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Post- “Dance Academy” Reflections on Teaching, from a Former Gymnast

In Dance Academy, gender, Teaching, teen soaps, Television on May 14, 2012 at 10:54 am

Phoebe B.

I am a teacher, and I have just about always known that I wanted to be one. I have selfish reasons aplenty for why I love to teach, and there are just as many political reasons why I think teaching is important. But this post is about more than just my teaching experience or thoughts on teaching, rather it’s about teaching style and the teachers we see represented and reflected in popular culture. That said, my own experiences as a teacher and a student certainly provide the lens through which I understand and negotiate teaching. I am, as described by my students at various points, fun and funny, awkward, difficult and rigorous with high expectations, goofy, helpful, young-seeming, and tough. I’m sure there are many more adjectives that might describe my teaching, from my students’ perspectives or even mine for that matter, but I want to stick, at least for the moment, on the descriptions of difficult, rigorous, and tough.

I grew up doing competitive gymnastics, a sport I began at 3 or 4 and left at 17, right before my junior prom (the prom pictures still reveal quite a few left-over, and impressive, gymnastics muscles). Gymnastics, from the time I was in third grade through the time I left at 17, was my whole life or at least a giant part of it. In that sport, you learn to push yourself all the time. Your harshest critics are your biggest fans, your coaches push you beyond your perceived limits to find new limits, they spot you until they trust you can do it on your own, and they sometimes cause you pain to push you further that you thought possible or even productive. The gym was a space where all the girls on my team both suffered and triumphed together: there were tears, frustrated storming out, yelling, time outs, extra strength exercises because you talked back, and hugs and congratulations when you stuck your landing.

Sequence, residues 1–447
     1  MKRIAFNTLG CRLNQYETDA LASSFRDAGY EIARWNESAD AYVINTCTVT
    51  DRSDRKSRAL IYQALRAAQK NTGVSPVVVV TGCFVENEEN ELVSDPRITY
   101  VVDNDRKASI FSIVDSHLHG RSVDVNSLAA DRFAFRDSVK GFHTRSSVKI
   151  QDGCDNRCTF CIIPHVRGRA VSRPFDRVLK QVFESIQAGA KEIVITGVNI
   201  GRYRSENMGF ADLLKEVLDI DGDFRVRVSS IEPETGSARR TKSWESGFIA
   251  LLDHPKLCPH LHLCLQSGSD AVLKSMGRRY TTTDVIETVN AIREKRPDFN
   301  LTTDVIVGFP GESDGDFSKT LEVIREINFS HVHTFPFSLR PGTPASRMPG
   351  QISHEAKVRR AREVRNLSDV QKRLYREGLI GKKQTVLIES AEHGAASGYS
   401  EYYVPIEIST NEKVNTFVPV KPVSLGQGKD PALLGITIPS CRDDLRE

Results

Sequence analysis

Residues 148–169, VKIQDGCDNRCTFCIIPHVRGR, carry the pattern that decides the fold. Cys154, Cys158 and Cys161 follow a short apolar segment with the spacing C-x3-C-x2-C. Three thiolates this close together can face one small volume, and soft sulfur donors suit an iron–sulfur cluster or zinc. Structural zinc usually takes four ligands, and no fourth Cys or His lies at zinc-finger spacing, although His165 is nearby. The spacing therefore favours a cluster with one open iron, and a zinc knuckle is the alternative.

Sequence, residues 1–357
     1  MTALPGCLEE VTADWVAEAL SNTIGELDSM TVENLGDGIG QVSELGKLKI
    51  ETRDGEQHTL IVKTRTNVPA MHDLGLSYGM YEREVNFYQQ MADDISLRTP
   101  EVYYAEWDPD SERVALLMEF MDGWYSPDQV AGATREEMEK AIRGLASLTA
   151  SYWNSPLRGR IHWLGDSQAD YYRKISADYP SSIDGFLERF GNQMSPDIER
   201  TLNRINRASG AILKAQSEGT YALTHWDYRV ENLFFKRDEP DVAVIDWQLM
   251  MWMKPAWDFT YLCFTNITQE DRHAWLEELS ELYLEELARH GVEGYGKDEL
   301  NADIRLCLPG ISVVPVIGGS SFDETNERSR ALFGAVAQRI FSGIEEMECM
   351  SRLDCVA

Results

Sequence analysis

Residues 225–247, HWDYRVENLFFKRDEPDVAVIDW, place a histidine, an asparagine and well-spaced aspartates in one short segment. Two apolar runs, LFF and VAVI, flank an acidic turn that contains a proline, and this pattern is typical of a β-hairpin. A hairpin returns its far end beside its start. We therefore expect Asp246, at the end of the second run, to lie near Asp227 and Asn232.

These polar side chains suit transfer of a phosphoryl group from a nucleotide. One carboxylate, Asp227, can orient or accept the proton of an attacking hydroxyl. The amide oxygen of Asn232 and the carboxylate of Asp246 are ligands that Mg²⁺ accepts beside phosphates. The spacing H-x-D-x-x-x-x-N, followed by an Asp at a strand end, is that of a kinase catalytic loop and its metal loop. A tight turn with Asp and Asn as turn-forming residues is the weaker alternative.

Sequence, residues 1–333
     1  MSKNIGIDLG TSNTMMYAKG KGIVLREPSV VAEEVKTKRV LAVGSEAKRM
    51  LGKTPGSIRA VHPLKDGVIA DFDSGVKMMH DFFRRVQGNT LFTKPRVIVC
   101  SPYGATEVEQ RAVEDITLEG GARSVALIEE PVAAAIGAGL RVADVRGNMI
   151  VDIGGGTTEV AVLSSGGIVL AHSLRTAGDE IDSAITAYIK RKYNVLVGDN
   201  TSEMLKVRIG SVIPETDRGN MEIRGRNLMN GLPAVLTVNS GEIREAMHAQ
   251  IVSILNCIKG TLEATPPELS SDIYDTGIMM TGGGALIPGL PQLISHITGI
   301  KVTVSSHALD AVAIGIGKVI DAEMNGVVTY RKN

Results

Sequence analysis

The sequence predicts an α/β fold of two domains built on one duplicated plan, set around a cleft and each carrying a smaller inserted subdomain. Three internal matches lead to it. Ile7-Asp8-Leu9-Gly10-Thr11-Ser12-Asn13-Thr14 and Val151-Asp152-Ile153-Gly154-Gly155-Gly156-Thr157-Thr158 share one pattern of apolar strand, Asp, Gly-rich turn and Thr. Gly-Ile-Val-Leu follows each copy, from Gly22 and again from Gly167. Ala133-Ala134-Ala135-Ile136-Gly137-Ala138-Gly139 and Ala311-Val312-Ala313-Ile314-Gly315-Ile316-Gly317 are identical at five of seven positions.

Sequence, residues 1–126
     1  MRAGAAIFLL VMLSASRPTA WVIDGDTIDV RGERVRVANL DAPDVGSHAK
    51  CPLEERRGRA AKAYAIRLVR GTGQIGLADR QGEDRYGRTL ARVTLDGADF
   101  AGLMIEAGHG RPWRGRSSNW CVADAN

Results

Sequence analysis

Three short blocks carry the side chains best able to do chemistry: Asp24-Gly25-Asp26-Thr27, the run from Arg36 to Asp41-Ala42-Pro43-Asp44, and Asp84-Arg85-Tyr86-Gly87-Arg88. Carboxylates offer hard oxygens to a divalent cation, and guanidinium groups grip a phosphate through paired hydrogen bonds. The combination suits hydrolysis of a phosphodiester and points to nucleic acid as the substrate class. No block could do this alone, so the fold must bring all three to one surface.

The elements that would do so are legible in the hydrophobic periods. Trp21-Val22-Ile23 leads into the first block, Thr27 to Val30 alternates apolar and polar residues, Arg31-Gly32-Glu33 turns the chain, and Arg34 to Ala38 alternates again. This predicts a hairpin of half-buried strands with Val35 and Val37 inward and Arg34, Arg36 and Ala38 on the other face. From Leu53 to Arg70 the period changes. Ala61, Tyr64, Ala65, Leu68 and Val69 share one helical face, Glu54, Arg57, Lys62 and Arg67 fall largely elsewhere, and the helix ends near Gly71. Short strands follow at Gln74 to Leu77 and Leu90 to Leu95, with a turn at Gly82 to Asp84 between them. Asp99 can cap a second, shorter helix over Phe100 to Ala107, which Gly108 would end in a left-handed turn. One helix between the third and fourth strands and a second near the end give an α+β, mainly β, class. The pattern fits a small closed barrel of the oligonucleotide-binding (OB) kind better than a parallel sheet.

I was never the best gymnast or best gymnastics student, nor was I the best school student. I didn’t stand out a particular amount, but I worked really hard, often surrounded by people that were better than me. This continually pushed me to be better–to be more like them. But the tough coaches were also crucial, although it has taken me quite some years to realize and appreciate this fact. They treated us like family, we were like their kids. When we traveled together, they set our bed times, made sure that we ate enough when we went out to eat, set rules and regulations for acceptable forms of behavior and instilled in us the idea that we were responsible for ourselves, our success, and our failures.

These coaches were, and probably still are, really demanding. But their toughness made me strong and responsible and sometimes even resilient. And I would venture to say that this is true of just about all the gymnastics girls I grew up with. They were the kinds of teachers whose methods I did not always like, but whose lessons have stuck with me. They were the teachers, along with some crucial writing teachers in high school, that influenced my own teaching. They are the teachers that lead my students to label me as tough, rigorous, and demanding. But that rigor, those rules, that discipline, also allowed crucial space for fun, for experimentation, for creativity, and for self-expression.

The Dance Academy crew

This phenomenon, the tough yet caring teacher, is not one I often find reflected in pop culture. But then there was Dance Academy, the marvelous Australian TV show available on Netflix. As GLG co-founder and partner in crime Sarah T. will tell you (she is the one that convinced me to watch it), Dance Academy is amazing. And it is amazing for SO many reasons. But for now I’ll just stick to one, which is the relationship between students and teachers at the Australian National Dance Academy. There is one teacher (and by the second season she is the principal of the school), Miss Raine, who particularly strikes my fancy.

Read the rest of this entry »

True-er Detectives: “The Bletchley Circle,” Lady Sleuths, and Friendship

In feminism, gender, girl culture, TV on March 11, 2014 at 9:06 am

Phoebe B.

THE BLETCHLEY CIRCLE S1